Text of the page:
The intra-block translation mechanism 320 may also optionally include a check point establishment mechanism 460 that sets up check points in each intra-block to mark the boundary between adjacent intra-blocks. Such check points may be later used during execution so that different intra-blocks of non-scalar SIMD instructions (which may have inclusive data dependencies) can be handled differently during execution. For example, different data dependencies within each intra-block may yield different designations of registers. In this case, handling individual intra-blocks separately may become a necessity. The check point establishment mechanism 460 may also determine expected register formats involved in each intra-block which maybe used during execution to determine how to configure the register format needed by a particular intra-block.
The expected format determination mechanism 520 takes an intra-block 510 as input and determines the expected register format. The expected register formats are generated during the translation process and are identified based on all the instructions within the intra-block. Such expected formats are used to further determine whether the current designations of the registers 270 are consistent with what is expected. To do so, the register format comparison mechanism 530 compares the expected formats with the current formats, retrieved from the SIMD format word 280. If the current designated formats do not match with the expected formats, the register format comparison mechanism 530 activates the register format conversion mechanism 540 to convert the current formats according to the expected formats. The conversion may be achieved by changing the designation of the registers according to what is expected and record such changes in the SIMD format word 280.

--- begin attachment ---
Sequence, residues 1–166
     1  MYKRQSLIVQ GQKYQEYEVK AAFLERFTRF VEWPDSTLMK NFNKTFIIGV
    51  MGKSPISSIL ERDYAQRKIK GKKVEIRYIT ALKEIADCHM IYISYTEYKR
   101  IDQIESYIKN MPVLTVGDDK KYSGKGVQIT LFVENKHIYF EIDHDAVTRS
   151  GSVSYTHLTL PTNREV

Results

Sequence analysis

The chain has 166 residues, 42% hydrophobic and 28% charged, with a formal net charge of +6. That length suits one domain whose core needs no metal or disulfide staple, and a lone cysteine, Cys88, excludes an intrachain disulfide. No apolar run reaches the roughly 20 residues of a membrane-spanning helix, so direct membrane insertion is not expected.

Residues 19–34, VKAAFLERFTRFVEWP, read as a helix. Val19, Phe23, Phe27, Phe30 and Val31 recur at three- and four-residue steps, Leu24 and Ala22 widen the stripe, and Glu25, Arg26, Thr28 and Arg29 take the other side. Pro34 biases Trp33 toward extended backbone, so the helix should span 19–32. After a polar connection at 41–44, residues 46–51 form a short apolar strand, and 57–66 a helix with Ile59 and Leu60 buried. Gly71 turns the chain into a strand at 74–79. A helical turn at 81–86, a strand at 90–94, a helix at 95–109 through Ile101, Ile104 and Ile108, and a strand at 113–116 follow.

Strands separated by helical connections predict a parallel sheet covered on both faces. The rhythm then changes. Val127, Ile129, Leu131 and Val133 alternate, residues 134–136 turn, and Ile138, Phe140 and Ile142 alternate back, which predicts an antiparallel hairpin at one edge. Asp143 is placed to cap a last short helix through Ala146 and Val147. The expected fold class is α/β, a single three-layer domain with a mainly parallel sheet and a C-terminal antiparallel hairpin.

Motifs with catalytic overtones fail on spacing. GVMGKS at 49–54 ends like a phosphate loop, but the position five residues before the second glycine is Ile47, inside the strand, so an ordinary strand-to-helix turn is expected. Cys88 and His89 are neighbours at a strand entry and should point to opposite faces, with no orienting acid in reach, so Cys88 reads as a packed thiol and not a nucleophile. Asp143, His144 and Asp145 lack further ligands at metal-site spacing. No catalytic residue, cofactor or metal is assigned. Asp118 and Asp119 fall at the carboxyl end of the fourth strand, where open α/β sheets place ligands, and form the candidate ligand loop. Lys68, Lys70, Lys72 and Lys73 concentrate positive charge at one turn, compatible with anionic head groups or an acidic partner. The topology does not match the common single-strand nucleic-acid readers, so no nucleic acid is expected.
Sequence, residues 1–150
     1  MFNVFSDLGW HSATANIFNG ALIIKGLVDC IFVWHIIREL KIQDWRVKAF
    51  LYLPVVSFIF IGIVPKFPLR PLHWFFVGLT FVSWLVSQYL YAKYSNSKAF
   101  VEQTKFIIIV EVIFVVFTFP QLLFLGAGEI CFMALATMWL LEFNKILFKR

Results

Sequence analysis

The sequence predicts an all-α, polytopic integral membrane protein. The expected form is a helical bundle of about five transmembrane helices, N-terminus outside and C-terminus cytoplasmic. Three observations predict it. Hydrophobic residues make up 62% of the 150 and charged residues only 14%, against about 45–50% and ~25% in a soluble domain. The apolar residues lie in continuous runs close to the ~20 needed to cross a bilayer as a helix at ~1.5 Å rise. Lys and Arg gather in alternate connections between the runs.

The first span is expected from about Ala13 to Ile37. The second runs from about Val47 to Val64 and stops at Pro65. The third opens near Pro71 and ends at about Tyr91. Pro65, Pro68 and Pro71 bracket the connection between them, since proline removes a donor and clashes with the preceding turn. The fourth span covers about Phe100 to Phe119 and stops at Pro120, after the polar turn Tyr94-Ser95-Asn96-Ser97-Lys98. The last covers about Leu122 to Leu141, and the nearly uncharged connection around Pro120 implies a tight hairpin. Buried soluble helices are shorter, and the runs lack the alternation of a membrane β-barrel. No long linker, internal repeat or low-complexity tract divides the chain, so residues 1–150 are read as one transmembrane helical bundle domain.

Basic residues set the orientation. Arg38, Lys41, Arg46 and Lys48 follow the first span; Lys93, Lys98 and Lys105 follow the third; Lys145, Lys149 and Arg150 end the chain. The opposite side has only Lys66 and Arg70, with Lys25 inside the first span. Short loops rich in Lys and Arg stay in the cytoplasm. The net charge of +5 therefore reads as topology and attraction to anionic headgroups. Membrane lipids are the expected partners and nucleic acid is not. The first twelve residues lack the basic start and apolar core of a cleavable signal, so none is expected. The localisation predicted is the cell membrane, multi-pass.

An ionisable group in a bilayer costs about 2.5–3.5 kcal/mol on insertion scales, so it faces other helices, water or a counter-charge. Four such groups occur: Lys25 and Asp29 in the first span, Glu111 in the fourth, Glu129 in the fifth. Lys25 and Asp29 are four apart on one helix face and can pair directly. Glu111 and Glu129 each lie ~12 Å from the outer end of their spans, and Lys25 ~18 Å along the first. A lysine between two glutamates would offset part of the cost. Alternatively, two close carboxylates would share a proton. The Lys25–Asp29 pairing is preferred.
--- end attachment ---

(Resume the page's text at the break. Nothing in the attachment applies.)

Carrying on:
Generated check points may be used to identify the boundaries between adjacent intra-blocks and are used, during executing the non-scalar SIMD instructions of different intra-blocks, to ensure, prior to the execution of the blocks, that register formats on an underlying target device are designated consistent with expected formats of the registers required by each and every intra-block.
Based on each scalar SIMD instruction, its source and destination operands may be processed, either in sequence or in parallel. A source operand may be first processed at act 810. If the source operand is in a parallel register but the source operand is used as a scalar and, in addition, the register to be used to hold the source operand for an underlying scalar operation is currently not designated as a scalar register, determined at acts 820, 825, and 830, then the register to be used for the scalar operation is labeled, at act 835, as a dedicated scalar floating point register. An extraction instruction is generated, at act 840, that extracts the source operand from the parallel register to the dedicated scalar floating point register.
If the source operand is in a scalar register but the source operand is read as a non-scalar, determined at acts 820 and 845, then the register to be used to read the source operand is labeled, at act 850, as a parallel register. A merging instruction is then generated, at act 855, that merges the scalar source operand into the parallel register. The process of source operand analysis continues until, determined at act 860, all the source operand(s) of the current scalar SIMD instruction in the input intra-block 510 is processed.
The processing of a destination operand is described in